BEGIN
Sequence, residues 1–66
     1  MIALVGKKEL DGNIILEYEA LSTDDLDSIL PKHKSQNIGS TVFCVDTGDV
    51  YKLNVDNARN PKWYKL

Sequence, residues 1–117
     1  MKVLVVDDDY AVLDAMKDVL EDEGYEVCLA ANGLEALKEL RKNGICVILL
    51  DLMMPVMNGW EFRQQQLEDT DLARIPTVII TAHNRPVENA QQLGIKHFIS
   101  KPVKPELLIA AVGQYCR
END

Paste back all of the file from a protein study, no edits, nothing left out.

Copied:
Sequence, residues 1–66
     1  MIALVGKKEL DGNIILEYEA LSTDDLDSIL PKHKSQNIGS TVFCVDTGDV
    51  YKLNVDNARN PKWYKL

Sequence, residues 1–117
     1  MKVLVVDDDY AVLDAMKDVL EDEGYEVCLA ANGLEALKEL RKNGICVILL
    51  DLMMPVMNGW EFRQQQLEDT DLARIPTVII TAHNRPVENA QQLGIKHFIS
   101  KPVKPELLIA AVGQYCR